hydrogen-poor. In very lean rocks expulsion may occur so late that cracking of the generated bitumen is competitive with expulsion. Given the significant chemical differences among the various types of kerogens. Thus. residual kerogen as well as small molecules that are the direct precursors for petroleum and natural gas.23 idealized. this result is hardly surprising. when large geopolymers are created from biological molecules. however. high-sulfur oils at low levels of maturity. Other kerogens usually follow a more traditional model. . because natural variations among samples cause much scatter in experimental data. SUMMARY Kerogen begins to form during early diagenesis. Kerogens formed from lipid-rich organic material are likely to generate liquid hydrocarbons. It has become apparent in recent years that not all kerogens generate hydrocarbons at the same catagenetic levels. Timing and efficiency of expulsion depend on a number of factors. Rich rocks will become overpressured earlier than lean ones and thus will also expel hydrocarbons earlier. as measured by parameters such as vitrinite reflectance. Microfracturing is related to overpressuring. The chemical composition of a kerogen controls the timing of hydrocarbon generation and the type of products obtained. Source rocks that generate large amounts of hydrocarbons early are likely to expel those hydrocarbons early. The chemical composition and morphology of kerogen macerals depend both on the type of original organic matter and on diagenetic transformations. Catagenesis of kerogen produces a more aromatic. In such cases the expelled products will be mainly gas. but none of these measurements is closely linked to the actual process of hydrocarbon generation. including rock physics and organic-geochemical considerations. which in turn is partly attributed to hydrocarbon generation itself. We shall consider the latter briefly here. Resinite consists of polymerized terpanes (ten-carbon isoprenoids) that can decompose easily by reversing the polymerization process.Kerogen . those rocks that generate few hydrocarbons may not expel them until they have been cracked to gas. High-sulfur kerogens generate heavy. Effective generation of hydrocarbons requires that the generated products be expelled from the source-rock matrix and migrated to a trap. Many workers now believe that microfracturing of source rocks is very important tor hydrocarbon expulsion. Conversely. Resinite and sulfur-rich kerogens are able to generate liquid hydrocarbons earlier than other kerogens because of the particular chemical reactions occurring in those two materials. Candidates for early expulsion would be very organic rich rocks and those containing resinite or high-sulfur kerogens. Kerogens formed from resinite will generate condensates or light oils quite early. we cannot always define the limits of hydrocarbon generation with great confidence. whereas those kerogens that contain few lipids will generate mainly gas. Sulfur-rich kerogens decompose easily because carbon-sulfur hbonds are weaker than any bonds in sulfur-poor kerogens. Several methods exist for estimating the extent to which hydrocarbon generation has occurred in a given kerogen. Numerous methods exist for tracing the history of a kerogen and determining its original chemical and physical characteristics. although we know that oil generation does occur during the phase we call catagenesis.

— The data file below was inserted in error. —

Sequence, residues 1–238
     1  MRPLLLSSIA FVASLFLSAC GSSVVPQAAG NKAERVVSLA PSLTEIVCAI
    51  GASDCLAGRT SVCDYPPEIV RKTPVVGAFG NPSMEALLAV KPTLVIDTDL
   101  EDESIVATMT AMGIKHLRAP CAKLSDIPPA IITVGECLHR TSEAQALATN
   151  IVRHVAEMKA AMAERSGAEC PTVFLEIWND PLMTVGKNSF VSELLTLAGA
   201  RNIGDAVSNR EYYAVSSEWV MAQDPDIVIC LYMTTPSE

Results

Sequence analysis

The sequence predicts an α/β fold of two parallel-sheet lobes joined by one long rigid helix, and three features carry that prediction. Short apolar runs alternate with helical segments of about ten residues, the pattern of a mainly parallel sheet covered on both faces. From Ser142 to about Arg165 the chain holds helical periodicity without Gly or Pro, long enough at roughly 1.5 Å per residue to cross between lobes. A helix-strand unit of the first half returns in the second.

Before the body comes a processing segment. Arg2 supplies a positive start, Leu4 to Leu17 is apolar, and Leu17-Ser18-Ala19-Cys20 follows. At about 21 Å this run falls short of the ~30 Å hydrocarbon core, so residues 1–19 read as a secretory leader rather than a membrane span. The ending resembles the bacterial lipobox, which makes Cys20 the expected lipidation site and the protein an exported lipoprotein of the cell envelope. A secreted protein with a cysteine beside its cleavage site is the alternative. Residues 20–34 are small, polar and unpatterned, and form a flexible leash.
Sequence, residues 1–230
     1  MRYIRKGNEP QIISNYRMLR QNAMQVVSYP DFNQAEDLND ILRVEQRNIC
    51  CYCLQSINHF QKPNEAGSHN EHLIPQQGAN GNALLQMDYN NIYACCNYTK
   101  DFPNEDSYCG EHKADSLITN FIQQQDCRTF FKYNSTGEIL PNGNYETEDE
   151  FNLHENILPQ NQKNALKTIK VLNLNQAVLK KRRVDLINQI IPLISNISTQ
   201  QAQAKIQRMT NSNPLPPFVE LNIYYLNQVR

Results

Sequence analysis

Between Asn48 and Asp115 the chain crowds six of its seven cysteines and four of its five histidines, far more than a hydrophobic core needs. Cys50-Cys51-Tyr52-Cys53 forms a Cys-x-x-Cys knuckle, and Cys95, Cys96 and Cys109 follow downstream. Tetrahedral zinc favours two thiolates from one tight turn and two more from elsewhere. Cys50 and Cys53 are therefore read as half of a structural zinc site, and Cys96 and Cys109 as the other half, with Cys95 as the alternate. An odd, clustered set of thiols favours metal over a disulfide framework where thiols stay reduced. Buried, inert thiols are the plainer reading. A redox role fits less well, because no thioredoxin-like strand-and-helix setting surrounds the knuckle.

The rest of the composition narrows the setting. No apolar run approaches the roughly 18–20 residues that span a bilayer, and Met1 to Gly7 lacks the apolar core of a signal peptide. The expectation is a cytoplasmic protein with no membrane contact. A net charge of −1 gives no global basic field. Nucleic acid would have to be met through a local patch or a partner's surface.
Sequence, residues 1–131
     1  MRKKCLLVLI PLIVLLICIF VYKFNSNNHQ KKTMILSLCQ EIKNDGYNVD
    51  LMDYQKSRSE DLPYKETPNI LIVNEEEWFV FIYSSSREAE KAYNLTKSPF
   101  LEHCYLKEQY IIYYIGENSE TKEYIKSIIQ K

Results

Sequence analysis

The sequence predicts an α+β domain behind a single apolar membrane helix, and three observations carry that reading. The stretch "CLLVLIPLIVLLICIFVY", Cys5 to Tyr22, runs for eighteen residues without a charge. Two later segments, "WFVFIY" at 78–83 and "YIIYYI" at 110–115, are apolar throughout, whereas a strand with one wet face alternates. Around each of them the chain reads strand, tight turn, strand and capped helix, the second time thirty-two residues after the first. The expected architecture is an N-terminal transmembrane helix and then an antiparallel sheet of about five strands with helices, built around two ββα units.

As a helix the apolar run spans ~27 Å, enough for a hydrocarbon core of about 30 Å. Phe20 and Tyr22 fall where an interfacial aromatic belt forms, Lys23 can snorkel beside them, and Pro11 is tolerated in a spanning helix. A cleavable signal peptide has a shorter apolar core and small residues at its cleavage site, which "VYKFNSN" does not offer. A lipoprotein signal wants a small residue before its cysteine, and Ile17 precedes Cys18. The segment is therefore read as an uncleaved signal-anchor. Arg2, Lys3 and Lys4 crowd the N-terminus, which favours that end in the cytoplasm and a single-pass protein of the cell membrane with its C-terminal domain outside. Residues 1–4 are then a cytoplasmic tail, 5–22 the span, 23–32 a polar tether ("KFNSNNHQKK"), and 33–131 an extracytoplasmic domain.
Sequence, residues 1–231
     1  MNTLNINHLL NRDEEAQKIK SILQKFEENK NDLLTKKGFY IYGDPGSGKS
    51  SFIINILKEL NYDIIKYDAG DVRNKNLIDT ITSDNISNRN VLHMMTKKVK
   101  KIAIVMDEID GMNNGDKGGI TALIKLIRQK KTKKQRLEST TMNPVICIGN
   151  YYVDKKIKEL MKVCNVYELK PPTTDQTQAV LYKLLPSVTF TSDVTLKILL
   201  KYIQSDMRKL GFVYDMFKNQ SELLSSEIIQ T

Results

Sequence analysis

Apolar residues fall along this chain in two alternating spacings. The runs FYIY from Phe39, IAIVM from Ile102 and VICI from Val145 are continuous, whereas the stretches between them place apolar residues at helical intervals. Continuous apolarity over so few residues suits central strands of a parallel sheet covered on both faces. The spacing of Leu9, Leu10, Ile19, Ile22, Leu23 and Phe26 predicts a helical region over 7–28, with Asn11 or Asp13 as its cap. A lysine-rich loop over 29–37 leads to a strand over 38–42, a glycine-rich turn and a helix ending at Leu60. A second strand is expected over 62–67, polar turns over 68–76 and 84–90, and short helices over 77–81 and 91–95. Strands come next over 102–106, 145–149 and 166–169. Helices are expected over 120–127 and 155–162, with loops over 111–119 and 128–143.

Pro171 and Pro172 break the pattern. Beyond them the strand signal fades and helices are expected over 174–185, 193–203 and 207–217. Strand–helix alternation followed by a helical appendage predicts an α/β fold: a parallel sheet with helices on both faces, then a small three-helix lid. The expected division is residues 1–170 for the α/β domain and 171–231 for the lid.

Reservoir transformations in some cases greatly affect oil composition and properties. however. we first separate a crude oil or a bitumen into several fractions having distinct properties. There is no doubt that they are related. and Natural Gas INTRODUCTION Petroleum obtained from reservoir rocks and bitumen extracted from fine-grained rocks have many similarities. This chapter will compare and contrast bitumen and petroleum compositions and examine the factors responsible for the observed differences. and resins. Much of this variety is related to source-rock facies and the composition of the kerogens that generated the bitumens. We also do not know how much of the change involves chemical reactions. However. Some of these are present in relatively large quantities. and form complexes with molecular weights of perhaps 50. Light aromatic hydrocarbons. highly aromatic asphaltene molecules that are often rich in heteroatoms. are more commonly studied. The final fraction contains very large. Each of the fractions contains certain types of chemical compounds. and steranes. branched hydrocarbons (including isoprenoids). Petroleum.24 Bitumen. we must separate the characteristics related to kerogen composition from those related to the transformation of bitumen to petroleum and from those related to changes occurring in reservoirs. but these compounds are lost from bitumens during evaporation of the solvent used in extracting the bitumen from the rock. Both bitumens and petroleums exhibit a wide range of compositions. indeed. Petroleum. Such correlations can be particularly useful in establishing genetic relationships among samples. NSOs. The influence of the lithologies of source and reservoir rocks on these compositional changes is poorly understood. Major compositional changes occur in going from bitumen to petroleum. Bitumen and petroleum compositions can also be used as tools in correlating samples with each other. like benzene and toluene. Asphaltenes tend to aggregate into stacks because of their planarity. The lighter of these fractions. COMPOUNDS PRESENT IN BITUMEN AND PETROLEUM GENERAL CLASSES OF COMPOUNDS Both bitumen and petroleum contain a very large number of different chemical compounds.000. contains a wide variety of small and medium-sized molecules with one or more heteroatoms.Bitumen. Most of the NSO compounds appear in the remaining two fractions. while others are only trace contributors. One fraction consists mainly of saturated hydrocarbons. variously called polars. bitumen is almost universally accepted as the direct precursor for petroleum. many unanswered questions remain about the processes that transform bitumen into petroleum. triterpanes. and Natural Gas - 5 . Maturity also exerts control over bitumen and petroleum composition. but we are not certain whether they occur mainly within the source rock or during migration through the reservoir rock. have been studied in petroleums. and how much is due to physical separation of chemical compounds having very different properties. particularly those derived from diterpanes. In order to understand bitumen and petroleum compositions and to use them for exploration. The large sizes of asphaltene units render . Few of these heterocompounds have been studied carefully. Heavier aromatic and naphthenoaromatic hydrocarbons. and cyclics. A second fraction consists of aromatic hydrocarbons and some light sulfur-containing compounds. Saturated hydrocarbons are the most thoroughly studied of the components of petroleum and bitumen because they are the easiest to work with analytically. In order to investigate the individual compounds present. n-alkanes. but they also exhibit many important differences.